The SFO outdoor campus. Photo by Peter Alexander.

In addition to those precautions, the SFO campus is mostly outdoors, with open air rehearsal spaces. But of course the visiting artists and their families will be out in the community as well. “We’re going to ask all of those people to sign a stringent out-of-workplace agreement about what they’re not going to do, like go to bars or restaurants.”

The Santa Fe Opera is one of the very first summer operas to announce full details for their 2021 season. Central City announced long ago that they would move their entire 2020 schedule to 2021, but details of health precautions have not been released. Opera Theater of St. Louis announced Oct. 19—two days before SFO—that they will proceed with an open-air, socially distanced 2021 season.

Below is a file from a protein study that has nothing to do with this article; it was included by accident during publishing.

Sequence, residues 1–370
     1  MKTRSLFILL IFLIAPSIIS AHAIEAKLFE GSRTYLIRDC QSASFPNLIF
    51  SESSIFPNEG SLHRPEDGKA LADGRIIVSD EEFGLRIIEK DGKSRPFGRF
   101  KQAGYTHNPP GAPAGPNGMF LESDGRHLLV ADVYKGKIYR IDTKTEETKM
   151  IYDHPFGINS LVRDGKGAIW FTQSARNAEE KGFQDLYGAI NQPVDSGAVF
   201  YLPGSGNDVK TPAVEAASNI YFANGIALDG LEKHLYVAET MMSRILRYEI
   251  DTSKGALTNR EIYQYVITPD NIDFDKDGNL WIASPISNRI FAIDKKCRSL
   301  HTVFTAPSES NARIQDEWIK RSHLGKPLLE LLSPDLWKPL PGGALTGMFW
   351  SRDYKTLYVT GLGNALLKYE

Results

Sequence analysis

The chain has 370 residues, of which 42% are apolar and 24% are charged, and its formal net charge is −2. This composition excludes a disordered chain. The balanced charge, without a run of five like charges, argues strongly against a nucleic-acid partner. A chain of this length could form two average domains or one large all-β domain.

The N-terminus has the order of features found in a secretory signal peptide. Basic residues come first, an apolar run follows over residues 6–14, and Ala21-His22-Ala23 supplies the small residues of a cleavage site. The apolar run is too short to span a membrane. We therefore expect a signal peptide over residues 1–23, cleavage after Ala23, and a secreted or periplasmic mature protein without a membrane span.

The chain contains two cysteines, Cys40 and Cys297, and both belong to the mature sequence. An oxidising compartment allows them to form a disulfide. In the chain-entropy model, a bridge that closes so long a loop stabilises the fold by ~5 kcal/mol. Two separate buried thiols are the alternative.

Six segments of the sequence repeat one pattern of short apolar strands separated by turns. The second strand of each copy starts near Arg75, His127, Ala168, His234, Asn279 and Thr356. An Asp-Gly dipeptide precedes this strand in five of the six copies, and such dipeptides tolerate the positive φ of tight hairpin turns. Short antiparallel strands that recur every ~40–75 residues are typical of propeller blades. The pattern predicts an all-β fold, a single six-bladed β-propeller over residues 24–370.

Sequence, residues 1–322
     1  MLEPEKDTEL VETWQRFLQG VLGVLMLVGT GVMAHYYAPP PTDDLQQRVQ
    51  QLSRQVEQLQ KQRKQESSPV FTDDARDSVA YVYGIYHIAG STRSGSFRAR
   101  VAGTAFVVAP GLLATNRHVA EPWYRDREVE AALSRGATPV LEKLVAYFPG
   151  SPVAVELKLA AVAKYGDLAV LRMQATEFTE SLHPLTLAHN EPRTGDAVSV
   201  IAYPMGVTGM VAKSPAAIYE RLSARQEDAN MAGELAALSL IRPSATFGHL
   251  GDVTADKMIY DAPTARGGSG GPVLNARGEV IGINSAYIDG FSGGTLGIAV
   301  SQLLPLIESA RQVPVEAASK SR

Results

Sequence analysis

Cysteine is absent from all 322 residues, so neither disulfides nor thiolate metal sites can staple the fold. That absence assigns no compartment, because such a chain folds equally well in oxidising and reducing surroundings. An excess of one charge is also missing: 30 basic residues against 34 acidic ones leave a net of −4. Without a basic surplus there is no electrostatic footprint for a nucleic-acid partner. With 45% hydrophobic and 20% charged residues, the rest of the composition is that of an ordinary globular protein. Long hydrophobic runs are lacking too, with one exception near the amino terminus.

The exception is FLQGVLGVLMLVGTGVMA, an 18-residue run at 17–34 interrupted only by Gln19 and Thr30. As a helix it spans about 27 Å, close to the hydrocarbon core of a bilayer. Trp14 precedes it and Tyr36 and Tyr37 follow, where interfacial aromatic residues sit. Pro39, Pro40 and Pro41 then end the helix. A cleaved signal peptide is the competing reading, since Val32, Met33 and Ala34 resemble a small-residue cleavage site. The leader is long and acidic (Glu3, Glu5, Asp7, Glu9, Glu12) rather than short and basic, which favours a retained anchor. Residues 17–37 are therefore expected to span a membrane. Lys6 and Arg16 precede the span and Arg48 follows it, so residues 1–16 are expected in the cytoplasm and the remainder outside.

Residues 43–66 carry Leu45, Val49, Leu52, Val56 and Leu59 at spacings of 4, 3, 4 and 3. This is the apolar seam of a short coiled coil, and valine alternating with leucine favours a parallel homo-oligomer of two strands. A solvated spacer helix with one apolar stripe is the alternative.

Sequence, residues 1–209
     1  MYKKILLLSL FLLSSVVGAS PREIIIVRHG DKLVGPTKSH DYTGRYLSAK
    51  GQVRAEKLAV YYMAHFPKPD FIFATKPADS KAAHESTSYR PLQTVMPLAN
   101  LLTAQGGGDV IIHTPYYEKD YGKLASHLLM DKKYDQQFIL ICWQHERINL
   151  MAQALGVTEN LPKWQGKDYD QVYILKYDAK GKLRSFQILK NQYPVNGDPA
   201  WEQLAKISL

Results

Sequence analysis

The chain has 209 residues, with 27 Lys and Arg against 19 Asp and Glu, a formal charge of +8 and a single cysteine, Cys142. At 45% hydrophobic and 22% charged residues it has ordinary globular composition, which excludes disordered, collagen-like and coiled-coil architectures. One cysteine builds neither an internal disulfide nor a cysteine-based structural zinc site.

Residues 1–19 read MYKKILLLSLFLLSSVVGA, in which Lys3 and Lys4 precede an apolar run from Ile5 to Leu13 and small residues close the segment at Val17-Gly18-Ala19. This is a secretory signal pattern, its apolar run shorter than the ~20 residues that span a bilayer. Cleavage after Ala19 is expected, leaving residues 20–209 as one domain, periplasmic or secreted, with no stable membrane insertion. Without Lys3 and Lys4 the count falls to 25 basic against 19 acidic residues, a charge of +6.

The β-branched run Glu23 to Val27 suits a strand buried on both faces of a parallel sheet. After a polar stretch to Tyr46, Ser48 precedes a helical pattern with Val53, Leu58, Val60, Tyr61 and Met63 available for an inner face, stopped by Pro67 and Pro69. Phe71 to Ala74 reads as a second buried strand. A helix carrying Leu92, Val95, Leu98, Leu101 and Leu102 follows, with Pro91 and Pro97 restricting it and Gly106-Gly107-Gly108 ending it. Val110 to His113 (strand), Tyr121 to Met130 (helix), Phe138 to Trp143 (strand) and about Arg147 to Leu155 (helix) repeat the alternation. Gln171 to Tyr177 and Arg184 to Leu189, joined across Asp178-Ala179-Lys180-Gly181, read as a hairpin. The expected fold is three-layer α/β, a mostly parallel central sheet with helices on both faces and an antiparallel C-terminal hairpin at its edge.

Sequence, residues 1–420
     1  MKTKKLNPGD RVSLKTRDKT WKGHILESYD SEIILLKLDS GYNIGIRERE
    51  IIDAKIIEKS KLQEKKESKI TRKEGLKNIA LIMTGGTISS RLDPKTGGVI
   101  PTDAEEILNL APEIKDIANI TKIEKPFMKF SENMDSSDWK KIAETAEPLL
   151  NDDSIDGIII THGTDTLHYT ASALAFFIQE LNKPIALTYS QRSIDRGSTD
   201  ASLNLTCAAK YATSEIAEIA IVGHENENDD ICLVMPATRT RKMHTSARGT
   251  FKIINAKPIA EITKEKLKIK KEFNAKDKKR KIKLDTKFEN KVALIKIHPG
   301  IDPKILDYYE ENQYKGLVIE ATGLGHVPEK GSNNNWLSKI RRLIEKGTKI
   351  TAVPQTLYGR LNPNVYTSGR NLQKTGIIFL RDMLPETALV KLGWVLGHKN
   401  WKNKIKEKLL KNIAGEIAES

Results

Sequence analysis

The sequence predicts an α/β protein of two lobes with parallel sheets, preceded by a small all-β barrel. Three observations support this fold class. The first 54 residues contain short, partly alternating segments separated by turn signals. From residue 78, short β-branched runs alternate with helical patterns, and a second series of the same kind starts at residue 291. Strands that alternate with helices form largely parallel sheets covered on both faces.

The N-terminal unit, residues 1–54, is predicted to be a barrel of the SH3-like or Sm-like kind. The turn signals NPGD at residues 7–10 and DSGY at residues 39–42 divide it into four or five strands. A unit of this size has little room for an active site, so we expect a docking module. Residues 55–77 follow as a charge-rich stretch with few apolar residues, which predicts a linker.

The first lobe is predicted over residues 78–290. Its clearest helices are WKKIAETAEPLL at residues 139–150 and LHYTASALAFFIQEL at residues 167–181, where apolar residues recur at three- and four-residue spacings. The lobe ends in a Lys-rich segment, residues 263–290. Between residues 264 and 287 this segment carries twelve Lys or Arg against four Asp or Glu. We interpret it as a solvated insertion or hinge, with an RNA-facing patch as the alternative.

Considering the dangers posed by the coronavirus, Meya feels very fortunate that the SFO is operating in its unique environment. “We are in that environment that is the perfect marriage of nature and art,” he says. “We’re in such a fortunate position in so many ways. We’re determined to put on a season, and we have been able to announce with a good deal of confidence.

“I feel very positive that we can make this happen and that we can do it safely.”

Santa Fe Opera. Photo by Robert Goodwin